I promised part two of my epic journey through enterprise education (yes, I promised it a long time ago but a watched pot never boils eh?) and here it is!
In my last post I talked in general about what I have learned about the world of work since I started here 18 months ago. Now I want to talk a bit more about what I have learned about enterprise education through being one of the three Enterprise Learning Development Officers here (ELDOs, or PowerPuff Girls, depending on what mood we are in).
I have to confess, when I started here at USE, I knew a fair bit about Higher Education, learning and teaching, and curriculum design and development, but not an awful lot about enterprise. Like others perhaps from my sort of background (archaeology, arts and humanities), I wasn’t sure enterprise education was relevant to me. I wasn’t sure it was relevant to all our students. And in the curriculum as well? What was its place there? Was it just another trendy concept that would fall by the wayside after a few years? Would my archaeology friends think I was selling out? Becoming a corporate drone? What if I didn’t buy in to the concept? It would be a bit pointless doing the job then wouldn’t it? Would academics laugh at me? Wow, I was a worry-wart.
BUT, within about two weeks, I really did stop worrying and learn to love enterprise education. And here’s how/why:
- We’ve said it before and we’ll say it again: enterprise does not necessarily have to be about business, especially when it is in the curriculum. It’s not about being ‘corporate’. It’s not about being on the next series of the Apprentice. It’s about a set of skills that might lead to setting up a business, but might lead to other great things as well. It’s about enabling students to make their own path in life, seizing opportunities, taking a few risks, and not being scared of potentially failing. Wouldn’t we all want those skills, no matter what we want to do in life?
- Enterprise doesn’t have to mean exactly the same thing to everyone. Music students might think it is more relevant to think about freelancing or self-employment. Scientists and engineers might think in terms of commercialisation of their research. Business students might think of it as new venture creation, or even ‘intrapreneurialism’ (being enterprising within an organisation). This is perfectly ok. It doesn’t really matter what language we use, as long as we can articulate what skills we have and how they enable us to be effective in our chosen paths.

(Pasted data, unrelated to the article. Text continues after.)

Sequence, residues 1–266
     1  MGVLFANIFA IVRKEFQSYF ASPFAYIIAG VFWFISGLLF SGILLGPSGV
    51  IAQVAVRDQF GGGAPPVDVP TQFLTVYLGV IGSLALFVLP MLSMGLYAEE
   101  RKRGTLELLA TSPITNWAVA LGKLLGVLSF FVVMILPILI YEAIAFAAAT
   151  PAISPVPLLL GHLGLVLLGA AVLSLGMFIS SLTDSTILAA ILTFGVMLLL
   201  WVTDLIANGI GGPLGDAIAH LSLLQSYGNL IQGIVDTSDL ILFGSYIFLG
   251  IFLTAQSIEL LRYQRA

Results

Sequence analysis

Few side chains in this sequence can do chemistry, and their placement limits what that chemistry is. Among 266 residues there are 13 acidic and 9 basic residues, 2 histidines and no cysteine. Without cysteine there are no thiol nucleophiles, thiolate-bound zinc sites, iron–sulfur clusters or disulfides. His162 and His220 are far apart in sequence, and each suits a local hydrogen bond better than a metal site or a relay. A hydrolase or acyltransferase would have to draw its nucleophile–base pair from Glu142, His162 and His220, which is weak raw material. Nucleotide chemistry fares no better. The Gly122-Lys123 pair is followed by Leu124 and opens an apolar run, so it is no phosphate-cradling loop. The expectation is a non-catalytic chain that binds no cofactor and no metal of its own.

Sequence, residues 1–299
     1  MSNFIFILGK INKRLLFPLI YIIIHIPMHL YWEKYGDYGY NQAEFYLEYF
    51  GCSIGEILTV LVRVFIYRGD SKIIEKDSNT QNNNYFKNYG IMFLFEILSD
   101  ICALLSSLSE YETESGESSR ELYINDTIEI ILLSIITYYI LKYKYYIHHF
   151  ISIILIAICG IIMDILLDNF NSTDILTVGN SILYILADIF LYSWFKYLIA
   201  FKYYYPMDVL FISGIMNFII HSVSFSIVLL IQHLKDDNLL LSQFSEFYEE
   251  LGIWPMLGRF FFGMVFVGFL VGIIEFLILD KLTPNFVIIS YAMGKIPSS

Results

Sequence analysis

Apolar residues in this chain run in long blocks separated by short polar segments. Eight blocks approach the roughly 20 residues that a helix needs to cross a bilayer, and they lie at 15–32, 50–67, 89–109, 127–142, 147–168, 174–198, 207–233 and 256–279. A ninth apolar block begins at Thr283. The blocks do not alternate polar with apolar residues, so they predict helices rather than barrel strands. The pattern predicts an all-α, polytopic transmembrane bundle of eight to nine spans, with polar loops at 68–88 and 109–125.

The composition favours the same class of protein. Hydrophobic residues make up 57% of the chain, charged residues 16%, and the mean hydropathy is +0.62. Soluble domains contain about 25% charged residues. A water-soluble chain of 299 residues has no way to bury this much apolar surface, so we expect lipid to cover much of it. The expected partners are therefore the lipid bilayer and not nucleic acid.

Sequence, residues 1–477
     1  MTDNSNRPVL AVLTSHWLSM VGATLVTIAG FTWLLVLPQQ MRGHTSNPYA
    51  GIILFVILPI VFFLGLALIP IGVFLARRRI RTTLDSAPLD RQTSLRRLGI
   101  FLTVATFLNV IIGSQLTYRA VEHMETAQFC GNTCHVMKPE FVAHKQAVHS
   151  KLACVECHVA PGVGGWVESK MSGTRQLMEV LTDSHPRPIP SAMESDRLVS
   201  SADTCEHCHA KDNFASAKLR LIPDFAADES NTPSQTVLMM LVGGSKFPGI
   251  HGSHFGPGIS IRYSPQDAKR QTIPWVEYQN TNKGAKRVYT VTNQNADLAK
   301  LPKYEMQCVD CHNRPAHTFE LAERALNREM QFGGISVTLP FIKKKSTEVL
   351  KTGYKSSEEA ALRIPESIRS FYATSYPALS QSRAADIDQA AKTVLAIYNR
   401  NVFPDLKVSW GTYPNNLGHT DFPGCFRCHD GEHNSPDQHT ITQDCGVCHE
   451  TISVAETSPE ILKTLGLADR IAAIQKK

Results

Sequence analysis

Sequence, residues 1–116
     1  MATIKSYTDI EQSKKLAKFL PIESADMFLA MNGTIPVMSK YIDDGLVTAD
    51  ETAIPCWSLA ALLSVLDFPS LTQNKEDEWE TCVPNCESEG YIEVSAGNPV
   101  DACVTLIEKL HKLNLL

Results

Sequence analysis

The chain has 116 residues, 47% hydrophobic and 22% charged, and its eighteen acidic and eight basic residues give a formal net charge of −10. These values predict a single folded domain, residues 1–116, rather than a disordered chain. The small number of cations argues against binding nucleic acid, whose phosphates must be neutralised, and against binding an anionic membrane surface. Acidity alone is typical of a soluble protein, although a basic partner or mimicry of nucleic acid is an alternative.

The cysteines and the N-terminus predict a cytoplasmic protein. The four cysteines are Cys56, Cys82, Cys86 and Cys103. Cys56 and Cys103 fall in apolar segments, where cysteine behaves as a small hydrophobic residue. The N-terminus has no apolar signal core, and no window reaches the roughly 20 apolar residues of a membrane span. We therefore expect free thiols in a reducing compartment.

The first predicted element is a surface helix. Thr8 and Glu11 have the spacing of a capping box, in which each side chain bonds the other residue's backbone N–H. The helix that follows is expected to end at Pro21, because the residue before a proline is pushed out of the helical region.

- Enterprise in the curriculum makes sense. Perfect sense! After all, you chose your particular course for a reason. Why should we make you do a ton of extra work? Wouldn’t it make more sense if you could learn all the same things about your subject that you normally would, but in a slightly different way? So, in Linguistics, you could learn about all the basic concepts, such as semantics and phonetics, but instead of writing an essay or sitting an exam, you could build a website to communicate these concepts to an audience of prospective students, learning vital skills in the process. Sounds awesome doesn’t it?
- Being enterprising doesn’t mean ‘selling out’. Students are rightly famous for being passionate about social issues, and lots of you have discovered that enterprise can actually be a sustainable way of addressing those issues, through social innovation and enterprise. Modules like our ‘Making Ideas Happen’, Architecture’s ‘Live Projects’ and Law’s ‘Freelaw’ can help you harness the skills you would need to make a real social difference. Its business Jim, but not as we know it.
- Academics didn’t laugh at me (well not for talking to them about enterprise education anyway)… Believe it or not, your lecturers really do want you to graduate with the best chances possible of being able to make the most of yourself in the future. They can see the value that enterprise education brings, and we are hoping that you, the students are beginning to do so too!
So, I really don’t worry about these things any more, and if you were worrying about them you can definitely stop now. We’re on it!
(Now I just worry about whether my skirt is tucked into my knickers when I leave the house, or whether I’ve left the iron unplugged, or whether I locked the back door, or whether there are twice as many grey hairs caused by worrying than there were last week…)